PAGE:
Tool and Die Maker
Collaborate with Engineers to make new tools and their molds.
When metal is at room temperature, it doesn’t like to take on different shapes. When it’s heated to extreme temperatures, however, it can be pounded into a variety of shapes. A Forge Operator uses a forge to heat and reshape metal. As a Forge Operator, you may also work with plastics.
Since Forge Operators work with extremely hot materials all day long, you must be a stickler for safety. By wearing the appropriate goggles, gloves, and protective clothing, you ensure that your eyebrows and arm hairs stay intact rather than being singed away every day.
You’re given a mold to fit into your forge. You heat the metal or plastic, watching the gauges closely to make sure the material reaches the proper temperature. After that, you use the forge to stamp the material into the die.
With the help of tongs, you take the finished product out of the forge. Or if you have a fancy forge, you flick a switch and the material drops from the die onto a conveyer belt. You check your completed products carefully to make sure they’re exact copies of the die. Occasionally, you may need to sand rough edges.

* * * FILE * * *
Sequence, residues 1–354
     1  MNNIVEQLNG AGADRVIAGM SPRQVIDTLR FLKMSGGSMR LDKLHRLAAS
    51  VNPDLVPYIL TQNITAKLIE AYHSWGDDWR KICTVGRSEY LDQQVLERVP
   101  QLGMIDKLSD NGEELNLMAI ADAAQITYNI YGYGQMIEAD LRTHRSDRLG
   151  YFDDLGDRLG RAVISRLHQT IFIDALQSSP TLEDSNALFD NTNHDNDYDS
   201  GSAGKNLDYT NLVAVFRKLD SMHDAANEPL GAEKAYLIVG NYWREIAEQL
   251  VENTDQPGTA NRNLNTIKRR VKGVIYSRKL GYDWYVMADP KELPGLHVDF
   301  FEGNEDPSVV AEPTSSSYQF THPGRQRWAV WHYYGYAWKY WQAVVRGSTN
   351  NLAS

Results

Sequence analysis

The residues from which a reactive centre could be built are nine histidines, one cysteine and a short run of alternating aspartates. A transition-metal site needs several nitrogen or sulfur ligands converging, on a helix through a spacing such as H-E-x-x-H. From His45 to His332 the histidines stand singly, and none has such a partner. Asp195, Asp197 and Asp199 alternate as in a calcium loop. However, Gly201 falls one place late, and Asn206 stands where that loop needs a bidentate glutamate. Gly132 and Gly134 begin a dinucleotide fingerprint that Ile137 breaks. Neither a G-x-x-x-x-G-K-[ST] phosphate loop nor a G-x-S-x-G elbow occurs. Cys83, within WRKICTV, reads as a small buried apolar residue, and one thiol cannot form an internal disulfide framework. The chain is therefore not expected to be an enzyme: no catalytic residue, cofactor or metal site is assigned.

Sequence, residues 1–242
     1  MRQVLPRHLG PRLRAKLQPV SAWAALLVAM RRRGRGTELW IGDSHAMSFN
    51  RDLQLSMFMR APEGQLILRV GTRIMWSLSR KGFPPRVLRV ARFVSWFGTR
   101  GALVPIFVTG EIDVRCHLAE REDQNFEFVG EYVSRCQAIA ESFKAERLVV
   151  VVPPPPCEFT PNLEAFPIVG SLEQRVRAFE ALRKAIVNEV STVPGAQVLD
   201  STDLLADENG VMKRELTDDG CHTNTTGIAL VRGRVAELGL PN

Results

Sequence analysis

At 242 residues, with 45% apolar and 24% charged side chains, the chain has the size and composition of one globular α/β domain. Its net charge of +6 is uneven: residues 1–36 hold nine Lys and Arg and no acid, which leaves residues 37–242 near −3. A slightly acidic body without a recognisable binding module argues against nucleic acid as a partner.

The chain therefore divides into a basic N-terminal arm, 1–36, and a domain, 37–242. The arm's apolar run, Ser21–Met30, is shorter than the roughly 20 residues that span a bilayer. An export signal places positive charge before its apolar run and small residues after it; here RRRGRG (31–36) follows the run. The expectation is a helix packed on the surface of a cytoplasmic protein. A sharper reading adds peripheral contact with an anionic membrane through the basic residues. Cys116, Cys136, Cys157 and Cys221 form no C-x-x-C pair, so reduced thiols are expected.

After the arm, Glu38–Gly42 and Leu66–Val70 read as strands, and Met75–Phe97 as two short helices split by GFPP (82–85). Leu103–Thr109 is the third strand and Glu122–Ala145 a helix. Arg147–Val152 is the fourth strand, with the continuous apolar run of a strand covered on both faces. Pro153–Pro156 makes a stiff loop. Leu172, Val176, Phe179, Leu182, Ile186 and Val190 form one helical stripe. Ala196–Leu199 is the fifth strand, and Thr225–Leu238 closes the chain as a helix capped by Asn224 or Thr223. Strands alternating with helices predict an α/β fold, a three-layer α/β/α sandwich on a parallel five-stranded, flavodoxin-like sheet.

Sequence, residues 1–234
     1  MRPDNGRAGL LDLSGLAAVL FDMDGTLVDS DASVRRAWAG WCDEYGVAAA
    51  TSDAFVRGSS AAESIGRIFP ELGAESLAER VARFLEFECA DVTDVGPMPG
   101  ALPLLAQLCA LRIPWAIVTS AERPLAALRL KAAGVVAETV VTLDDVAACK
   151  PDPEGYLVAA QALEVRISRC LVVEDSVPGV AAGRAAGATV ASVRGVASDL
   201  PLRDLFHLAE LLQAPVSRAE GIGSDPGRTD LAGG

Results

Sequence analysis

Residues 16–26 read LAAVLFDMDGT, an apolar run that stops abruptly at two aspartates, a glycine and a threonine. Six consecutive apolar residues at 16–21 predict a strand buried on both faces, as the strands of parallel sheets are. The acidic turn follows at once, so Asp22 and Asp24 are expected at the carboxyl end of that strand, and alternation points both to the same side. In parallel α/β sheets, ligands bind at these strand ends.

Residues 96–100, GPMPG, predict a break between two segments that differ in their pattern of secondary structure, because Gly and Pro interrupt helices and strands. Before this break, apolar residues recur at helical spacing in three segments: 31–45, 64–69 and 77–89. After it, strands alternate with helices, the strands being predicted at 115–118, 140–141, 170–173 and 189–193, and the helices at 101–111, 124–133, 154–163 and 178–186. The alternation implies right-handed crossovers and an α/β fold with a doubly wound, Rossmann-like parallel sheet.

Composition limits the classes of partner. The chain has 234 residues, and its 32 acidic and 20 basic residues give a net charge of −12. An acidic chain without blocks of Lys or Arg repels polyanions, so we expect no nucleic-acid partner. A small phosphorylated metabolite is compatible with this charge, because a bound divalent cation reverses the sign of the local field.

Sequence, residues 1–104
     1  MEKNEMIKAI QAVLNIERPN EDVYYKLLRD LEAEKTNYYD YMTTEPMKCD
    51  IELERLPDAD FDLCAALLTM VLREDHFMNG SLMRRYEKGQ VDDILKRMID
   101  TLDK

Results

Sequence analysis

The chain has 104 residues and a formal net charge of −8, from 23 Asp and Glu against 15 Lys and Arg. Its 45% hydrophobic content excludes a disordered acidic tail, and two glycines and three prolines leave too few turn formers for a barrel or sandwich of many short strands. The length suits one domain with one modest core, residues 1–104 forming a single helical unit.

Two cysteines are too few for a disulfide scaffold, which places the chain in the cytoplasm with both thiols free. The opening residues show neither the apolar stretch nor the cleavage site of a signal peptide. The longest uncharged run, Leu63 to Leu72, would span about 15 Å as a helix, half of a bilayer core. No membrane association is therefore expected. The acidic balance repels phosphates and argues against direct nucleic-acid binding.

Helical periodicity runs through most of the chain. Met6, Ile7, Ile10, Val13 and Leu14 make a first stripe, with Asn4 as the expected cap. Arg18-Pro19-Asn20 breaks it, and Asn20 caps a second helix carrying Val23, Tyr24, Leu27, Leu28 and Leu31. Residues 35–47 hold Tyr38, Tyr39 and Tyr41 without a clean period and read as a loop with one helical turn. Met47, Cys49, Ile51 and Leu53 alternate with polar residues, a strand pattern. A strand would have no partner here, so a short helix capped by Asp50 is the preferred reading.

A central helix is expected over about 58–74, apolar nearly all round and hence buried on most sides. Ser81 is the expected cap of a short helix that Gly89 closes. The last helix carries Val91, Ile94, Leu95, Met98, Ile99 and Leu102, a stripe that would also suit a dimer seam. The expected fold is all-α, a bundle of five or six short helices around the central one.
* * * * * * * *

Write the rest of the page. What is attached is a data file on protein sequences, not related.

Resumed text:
If you work in a more rustic setting, your job is slightly different. You heat up materials on a fire or in a gas oven, and pound those materials by hand into the proper shape. These are the same methods that Blacksmiths have been using for centuries, and you’ll feel a kinship with those who have done the job before you.